I first met Anukrti a few months ago, at the book launch of Latitudes of Longing by Shubhangi Swarup. Purple Pencil Project was then known as onWriting.in, she had just written a book in Hindi (Japani Sarai) and Daura and Bhaunri were both slated for a May 2019 release.
We spoke of peripheries of Hindi readership and literature, and exchanged numbers. Then, months later when she contacted me about the upcoming releases, I did not know what to expect, either of her or her work. But when Harper Collins sent me the books, I was blown away by the subtlety, the layers of her work and because rustic Rajasthan was an entirely new world, a world I at once recognized and did not.
Upadhyay herself is a picture of the same essence that she describes in her books – quiet, powerful and gracious. Currently Mumbai-based, she has a formal education in Hindi literature, business administration and law, and above all, a very interesting background. She has two birth dates, has lived in three cities, is a bilingual writer – the only one, or one of the few known, in India.
Over lunch at her Malabar Hill home, in the cool summer breeze of a May afternoon (a technical fault nearly corrupted the audio recording of the interview, thus the delay), with Vikram Seth’s (her son’s favourite author) books lying around, we spoke about what it is to be a debut author, the Rajasthan she knew and the one she brought to her stories, her love for Japan and much more.
Tell us a little about your writing journey
My mother says I have been writing since I was five, mainly poetry. I continued writing poetry throughout because my father was very fond of my poems and I wrote mainly for him.
After returning from an eight-year long sojourn in Hong Kong, I penned down a dozen or so short stories, probably because I was trying to cope with a change in my environment, but nothing after that. Then my Papa, a very fine poet himself, passed away in 2017, and I turned to fiction and writing with a new rigour, and reconnected with my literary roots.
And that dedication has sustained. In January this year, she released Japani Sarai, a collection of short stories in Hindi. This year also saw Daura and Bhaunri emerging. And there is already a novel due for release in January, another in Hindi, and then some more.
How did Daura happen?
The first draft of Daura happened as a 10,000 word story, a longer short story, and I wrote it all in one flow in August 2016. After I was done writing it, I kept tinkering with it. Then, I happened to meet someone, who knew someone else in publishing.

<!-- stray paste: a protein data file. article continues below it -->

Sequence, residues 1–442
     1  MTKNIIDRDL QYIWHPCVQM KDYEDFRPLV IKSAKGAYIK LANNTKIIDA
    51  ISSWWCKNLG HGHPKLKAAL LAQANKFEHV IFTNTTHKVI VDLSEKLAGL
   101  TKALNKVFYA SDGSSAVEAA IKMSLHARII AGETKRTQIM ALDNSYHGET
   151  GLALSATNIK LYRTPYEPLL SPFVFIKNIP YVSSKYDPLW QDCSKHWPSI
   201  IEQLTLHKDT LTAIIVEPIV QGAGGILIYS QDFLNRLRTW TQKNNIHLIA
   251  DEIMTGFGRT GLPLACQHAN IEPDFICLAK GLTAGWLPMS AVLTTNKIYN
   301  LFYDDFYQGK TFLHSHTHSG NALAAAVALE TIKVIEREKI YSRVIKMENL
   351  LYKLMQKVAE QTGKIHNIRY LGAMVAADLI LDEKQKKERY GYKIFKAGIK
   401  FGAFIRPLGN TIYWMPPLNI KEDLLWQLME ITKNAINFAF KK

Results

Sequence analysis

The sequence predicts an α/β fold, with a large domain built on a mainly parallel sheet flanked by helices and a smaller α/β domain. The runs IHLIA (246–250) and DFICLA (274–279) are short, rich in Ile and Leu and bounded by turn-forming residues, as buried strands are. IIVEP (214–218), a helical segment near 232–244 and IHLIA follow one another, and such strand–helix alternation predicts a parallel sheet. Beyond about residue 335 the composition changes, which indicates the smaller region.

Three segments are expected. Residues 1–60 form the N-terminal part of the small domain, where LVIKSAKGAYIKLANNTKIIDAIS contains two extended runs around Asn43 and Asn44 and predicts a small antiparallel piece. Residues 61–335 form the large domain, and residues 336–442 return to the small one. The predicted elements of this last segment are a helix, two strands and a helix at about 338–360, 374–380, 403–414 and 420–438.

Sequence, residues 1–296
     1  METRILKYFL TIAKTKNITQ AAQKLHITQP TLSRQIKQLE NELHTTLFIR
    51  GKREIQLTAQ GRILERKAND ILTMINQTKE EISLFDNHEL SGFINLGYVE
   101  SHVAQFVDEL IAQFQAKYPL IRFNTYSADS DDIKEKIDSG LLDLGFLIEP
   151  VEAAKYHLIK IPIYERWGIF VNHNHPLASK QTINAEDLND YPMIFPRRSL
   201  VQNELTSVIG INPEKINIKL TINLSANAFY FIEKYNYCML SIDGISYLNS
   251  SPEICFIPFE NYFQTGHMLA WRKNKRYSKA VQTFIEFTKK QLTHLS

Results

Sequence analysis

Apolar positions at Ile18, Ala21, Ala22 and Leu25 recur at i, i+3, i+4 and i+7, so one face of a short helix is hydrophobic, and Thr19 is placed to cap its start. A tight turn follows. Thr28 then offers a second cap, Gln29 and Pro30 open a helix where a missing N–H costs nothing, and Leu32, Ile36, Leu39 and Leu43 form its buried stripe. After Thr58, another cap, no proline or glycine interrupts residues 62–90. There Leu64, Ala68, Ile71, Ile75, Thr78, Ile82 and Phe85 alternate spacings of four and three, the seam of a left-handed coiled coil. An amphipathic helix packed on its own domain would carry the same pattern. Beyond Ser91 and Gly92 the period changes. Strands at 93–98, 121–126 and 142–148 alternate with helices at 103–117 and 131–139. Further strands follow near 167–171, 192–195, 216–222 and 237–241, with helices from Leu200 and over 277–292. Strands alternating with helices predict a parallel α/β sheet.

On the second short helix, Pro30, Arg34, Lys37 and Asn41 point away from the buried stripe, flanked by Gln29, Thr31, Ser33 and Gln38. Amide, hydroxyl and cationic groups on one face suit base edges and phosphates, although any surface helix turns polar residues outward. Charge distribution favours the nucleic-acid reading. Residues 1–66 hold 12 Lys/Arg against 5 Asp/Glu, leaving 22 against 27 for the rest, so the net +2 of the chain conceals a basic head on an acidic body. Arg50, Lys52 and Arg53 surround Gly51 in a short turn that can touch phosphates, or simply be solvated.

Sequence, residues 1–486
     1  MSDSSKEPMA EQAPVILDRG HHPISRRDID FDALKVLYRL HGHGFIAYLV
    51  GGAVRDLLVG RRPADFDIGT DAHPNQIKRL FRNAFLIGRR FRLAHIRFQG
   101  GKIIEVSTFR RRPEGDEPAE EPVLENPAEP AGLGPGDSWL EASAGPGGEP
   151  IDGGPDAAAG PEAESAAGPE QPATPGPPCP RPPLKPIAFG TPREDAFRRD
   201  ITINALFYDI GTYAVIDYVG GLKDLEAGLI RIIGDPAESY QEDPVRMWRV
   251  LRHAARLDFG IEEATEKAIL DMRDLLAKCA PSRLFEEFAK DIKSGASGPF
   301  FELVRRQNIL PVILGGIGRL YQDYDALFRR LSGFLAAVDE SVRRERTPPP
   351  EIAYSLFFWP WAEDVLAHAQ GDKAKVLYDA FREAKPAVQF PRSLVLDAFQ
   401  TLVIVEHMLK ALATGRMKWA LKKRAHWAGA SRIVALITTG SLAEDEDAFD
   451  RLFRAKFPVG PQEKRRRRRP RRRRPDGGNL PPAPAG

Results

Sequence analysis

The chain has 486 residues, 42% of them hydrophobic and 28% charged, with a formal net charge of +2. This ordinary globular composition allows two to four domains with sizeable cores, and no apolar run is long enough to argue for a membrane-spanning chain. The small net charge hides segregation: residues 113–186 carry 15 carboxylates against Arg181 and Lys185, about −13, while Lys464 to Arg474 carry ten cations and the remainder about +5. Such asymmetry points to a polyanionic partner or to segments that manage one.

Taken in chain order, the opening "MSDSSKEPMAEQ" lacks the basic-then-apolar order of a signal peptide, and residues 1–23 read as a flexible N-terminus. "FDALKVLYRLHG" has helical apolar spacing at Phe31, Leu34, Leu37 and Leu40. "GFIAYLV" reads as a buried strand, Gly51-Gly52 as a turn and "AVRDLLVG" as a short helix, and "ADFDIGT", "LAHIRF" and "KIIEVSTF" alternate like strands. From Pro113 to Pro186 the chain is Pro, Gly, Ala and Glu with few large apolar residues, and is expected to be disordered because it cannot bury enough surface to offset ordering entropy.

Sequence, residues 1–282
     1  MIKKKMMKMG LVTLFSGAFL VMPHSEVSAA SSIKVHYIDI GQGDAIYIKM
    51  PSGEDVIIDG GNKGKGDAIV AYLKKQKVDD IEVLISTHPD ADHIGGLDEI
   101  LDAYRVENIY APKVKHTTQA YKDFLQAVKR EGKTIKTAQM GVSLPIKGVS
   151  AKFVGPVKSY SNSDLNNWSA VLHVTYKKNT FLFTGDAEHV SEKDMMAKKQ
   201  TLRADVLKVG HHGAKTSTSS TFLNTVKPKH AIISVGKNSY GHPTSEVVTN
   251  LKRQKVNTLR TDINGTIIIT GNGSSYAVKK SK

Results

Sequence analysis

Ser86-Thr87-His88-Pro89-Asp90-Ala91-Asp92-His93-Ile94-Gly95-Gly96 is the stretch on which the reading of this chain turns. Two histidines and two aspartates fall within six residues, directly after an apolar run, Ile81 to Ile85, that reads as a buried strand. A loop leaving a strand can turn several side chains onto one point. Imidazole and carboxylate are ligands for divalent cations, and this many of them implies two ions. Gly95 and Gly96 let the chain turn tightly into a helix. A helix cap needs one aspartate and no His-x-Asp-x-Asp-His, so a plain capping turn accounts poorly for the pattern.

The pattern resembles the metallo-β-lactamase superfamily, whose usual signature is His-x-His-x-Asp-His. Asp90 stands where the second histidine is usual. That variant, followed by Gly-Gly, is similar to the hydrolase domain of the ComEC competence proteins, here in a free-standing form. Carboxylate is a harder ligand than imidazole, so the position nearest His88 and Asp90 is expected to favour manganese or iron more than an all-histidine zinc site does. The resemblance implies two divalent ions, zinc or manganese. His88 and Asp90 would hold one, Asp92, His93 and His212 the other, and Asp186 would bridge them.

All I was looking for was some feedback, and the manuscript landed in Rahul’s (Rahul Soni, Senior Commissioning Editor – Literary, at Harper Collins India) inbox. It was just an email, but he responded saying he really loved the book, but “There was something more, something waiting to happen.”
I did not know what it was. It was already over 20,000 words long, the longest I had ever written. After a few months of mulling, I returned to it, editing and slashing things, and suddenly discovered what was waiting to happen. Two chapters – one of the Chief Secretary and the Investigation Report – came as additions after this realisation. That’s when I knew the story was complete.
What about Bhaunri?
While I was editing Daura and talking to Rahul, he asked me about my other works. Bhaunri was at the time a first draft and nothing more. When I am writing, the first draft generally happens in a flow of exuberance, and then when I return to it, I see flaws and holes and redo it completely in despair. And I had his advice this time, to help me along.
Bhaunri’s journey to the final draft was a little different. I generally start my stories with an image; for Daura it was the tree (also represented on the cover). Bhaunri began with just the idea of a nomad woman, how they live such hard lives but also have a sense of beauty.
The sun in Rajasthan can be so harsh, but these women, they go about their days with the most colourful ornaments and are still smiling, and I would often wonder – where do they derive their life source from? Even in such a difficult terrain, how they hold on to their sense of beauty?
Here in Mumbai with the amenities of city-life and consumerism everywhere, I still forget to neaten my hair or wear my Kajal. But these women, they celebrate their ideas of beauty each day, whether it is braiding their hair, applying henna, wearing wonderful embroidered clothing, adorning the camels and so much more. Bhaunri was born of the need to find out where the intensity of these women came from.